Tag Archives: San Miguel de Allende Mexico

I See You

“Don’t turn away,” they said. “Please see us. Please keep looking.” 

When artist and activist Lena Bartula heard these entreaties from Palestinian journalists on Instagram late last year, she was moved to act. 

She’d been asking herself how she could make a difference. She’d wanted to know how she could use her voice and her art to, as she told me recently, “do something about what we were all witnessing.”

Then, “it just came to me,” she said. “I thought, ‘I see you!’” And out of that came her newest textile art project, “Yo Te Veo” (I See You): squares of brightly colored fabric, each with a wide-open eye in the center, uniquely embroidered by caring volunteer participants. These squares are now being sewn together like a quilt onto an enormous huipil (traditional Mexican sleeveless, rectangular blouse), which will be part of Bartula’s solo exhibit at the Museo de Arte Popular in Mexico City from late May through early August.


All these eyes, Bartula told me, are “reminders that we’re watching the suffering, while at the same time watching the perpetrators. It’s about our staying awake and keeping our eyes open, not going back to sleep.”

          (Above: Lena Bartula with the big huipil in progress)

Since “Yo Te Veo” began four months ago, about 100 people (“99.5% women”) have participated in this textile art project, sitting in small groups at the sewing table in Bartula’s sunny studio in Colonia Guadalupe in San Miguel de Allende. To date these volunteers have made over 400 embroidered squares, but there’s room for more.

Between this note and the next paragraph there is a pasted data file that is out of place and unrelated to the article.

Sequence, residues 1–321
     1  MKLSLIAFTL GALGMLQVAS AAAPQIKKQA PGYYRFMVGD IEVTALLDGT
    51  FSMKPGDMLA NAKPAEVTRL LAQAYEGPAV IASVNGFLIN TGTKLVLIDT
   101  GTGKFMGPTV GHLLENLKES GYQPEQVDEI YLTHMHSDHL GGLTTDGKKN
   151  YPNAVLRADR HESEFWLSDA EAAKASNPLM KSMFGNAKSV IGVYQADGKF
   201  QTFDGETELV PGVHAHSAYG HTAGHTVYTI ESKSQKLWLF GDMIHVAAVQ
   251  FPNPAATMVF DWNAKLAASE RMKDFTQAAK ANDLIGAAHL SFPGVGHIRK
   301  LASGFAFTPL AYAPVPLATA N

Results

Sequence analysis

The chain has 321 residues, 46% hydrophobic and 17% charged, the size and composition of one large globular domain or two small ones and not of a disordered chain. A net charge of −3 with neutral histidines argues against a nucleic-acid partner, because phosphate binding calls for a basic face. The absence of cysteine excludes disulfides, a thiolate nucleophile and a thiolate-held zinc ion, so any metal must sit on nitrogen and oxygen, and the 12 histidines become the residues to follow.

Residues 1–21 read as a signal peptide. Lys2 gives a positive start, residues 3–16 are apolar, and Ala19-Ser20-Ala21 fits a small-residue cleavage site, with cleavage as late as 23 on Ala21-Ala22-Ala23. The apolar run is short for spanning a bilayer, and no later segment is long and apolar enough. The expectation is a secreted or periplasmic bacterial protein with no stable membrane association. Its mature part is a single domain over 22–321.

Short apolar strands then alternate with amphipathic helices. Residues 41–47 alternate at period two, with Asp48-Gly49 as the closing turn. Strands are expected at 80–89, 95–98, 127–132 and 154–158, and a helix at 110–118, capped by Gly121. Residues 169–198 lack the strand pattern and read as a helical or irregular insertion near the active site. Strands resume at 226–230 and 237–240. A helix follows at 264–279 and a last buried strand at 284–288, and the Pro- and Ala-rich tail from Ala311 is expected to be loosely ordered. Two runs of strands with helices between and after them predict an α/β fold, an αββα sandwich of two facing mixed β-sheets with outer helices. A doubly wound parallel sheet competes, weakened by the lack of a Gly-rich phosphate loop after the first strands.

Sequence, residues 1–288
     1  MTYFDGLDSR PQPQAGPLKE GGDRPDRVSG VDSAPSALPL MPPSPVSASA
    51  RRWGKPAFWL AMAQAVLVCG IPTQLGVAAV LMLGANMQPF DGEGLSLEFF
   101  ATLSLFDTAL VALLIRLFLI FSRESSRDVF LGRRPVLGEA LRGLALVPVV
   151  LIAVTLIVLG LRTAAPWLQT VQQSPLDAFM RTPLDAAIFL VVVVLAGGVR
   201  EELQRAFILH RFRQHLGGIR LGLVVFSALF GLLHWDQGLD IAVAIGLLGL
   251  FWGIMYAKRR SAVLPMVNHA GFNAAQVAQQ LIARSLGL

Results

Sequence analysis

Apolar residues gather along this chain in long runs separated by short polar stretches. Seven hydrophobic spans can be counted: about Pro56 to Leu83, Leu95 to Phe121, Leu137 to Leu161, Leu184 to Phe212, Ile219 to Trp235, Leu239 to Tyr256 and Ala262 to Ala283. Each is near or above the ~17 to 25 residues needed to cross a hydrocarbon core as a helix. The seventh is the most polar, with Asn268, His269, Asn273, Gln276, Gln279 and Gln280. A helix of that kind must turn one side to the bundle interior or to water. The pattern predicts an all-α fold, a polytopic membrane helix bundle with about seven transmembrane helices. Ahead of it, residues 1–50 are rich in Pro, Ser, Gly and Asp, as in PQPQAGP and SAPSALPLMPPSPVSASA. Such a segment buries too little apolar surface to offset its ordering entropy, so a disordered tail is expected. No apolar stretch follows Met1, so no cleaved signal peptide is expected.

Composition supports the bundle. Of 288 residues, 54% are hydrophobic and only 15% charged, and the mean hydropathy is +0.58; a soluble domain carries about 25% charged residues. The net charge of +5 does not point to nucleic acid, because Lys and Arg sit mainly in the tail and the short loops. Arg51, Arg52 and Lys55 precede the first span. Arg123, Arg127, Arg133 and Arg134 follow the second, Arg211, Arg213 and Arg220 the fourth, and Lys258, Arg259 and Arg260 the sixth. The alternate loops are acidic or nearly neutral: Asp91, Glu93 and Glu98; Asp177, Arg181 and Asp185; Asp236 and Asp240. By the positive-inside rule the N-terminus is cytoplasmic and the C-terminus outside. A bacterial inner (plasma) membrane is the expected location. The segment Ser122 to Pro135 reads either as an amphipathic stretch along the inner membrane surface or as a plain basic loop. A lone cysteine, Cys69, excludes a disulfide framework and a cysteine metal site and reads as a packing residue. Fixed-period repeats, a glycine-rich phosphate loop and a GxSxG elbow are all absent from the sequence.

Lena Bartula at the sewing table in her Artspace studio

 “I invite people if they feel the need for something to do with their collective grief and the collective trauma that this genocide is causing,” Bartula said. “This is something that would be very therapeutic, very healing. 

“I’m also open to facilitating groups and working with other sewing groups in other parts of the world, making some kind of cross-cultural exchange to understand each other’s feelings and needs that might be addressed by a program such as this. Just imagine: It could be a cross-cultural exchange of witnesses for injustice! So powerful.”

When I asked Bartula what she’s learned from this ongoing project so far, she said, “What I’ve noticed from the women I stitch with is that there’s a solidarity there that they’ve never experienced before. It’s not like group therapy. It’s not like a workshop. It’s not like a party. It’s a way of being with people for a greater cause than we understand. What it really is, is people who feel so deeply that they don’t know what else to do; they don’t know where else to put their feelings.

“And even after Palestine, it will always be something – Yemen, Syria, Congo, Sudan – it will always be something.”

And she is also making prayer flags for the cause

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For much more information about artist Lena Bartula, her work, her book, and this new project, be sure to visit these valuable links: